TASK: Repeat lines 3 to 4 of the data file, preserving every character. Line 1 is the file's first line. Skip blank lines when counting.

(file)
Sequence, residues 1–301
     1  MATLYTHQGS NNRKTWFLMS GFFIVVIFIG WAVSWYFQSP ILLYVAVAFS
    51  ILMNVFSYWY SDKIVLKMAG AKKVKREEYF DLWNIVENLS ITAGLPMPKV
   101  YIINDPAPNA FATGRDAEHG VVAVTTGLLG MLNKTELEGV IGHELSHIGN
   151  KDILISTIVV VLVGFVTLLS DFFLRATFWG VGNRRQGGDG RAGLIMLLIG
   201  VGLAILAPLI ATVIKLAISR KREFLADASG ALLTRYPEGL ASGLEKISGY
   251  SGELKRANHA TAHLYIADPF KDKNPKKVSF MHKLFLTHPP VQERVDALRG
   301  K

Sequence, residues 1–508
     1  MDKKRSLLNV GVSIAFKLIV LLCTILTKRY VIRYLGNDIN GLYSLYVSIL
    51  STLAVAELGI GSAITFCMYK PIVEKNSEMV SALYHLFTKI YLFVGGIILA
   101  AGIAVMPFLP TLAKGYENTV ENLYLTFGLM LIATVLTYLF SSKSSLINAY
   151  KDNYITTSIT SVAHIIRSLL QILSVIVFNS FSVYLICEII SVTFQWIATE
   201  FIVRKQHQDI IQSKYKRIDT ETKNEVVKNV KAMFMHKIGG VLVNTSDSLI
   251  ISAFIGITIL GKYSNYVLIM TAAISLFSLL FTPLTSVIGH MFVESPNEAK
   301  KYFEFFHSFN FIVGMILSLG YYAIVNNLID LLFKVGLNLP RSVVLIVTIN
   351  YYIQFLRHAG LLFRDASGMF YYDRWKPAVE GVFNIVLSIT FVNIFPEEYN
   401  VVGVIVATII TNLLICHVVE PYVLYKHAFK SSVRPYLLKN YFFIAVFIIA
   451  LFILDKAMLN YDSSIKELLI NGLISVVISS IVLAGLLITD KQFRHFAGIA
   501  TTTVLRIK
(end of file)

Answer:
    51  ILMNVFSYWY SDKIVLKMAG AKKVKREEYF DLWNIVENLS ITAGLPMPKV
   101  YIINDPAPNA FATGRDAEHG VVAVTTGLLG MLNKTELEGV IGHELSHIGN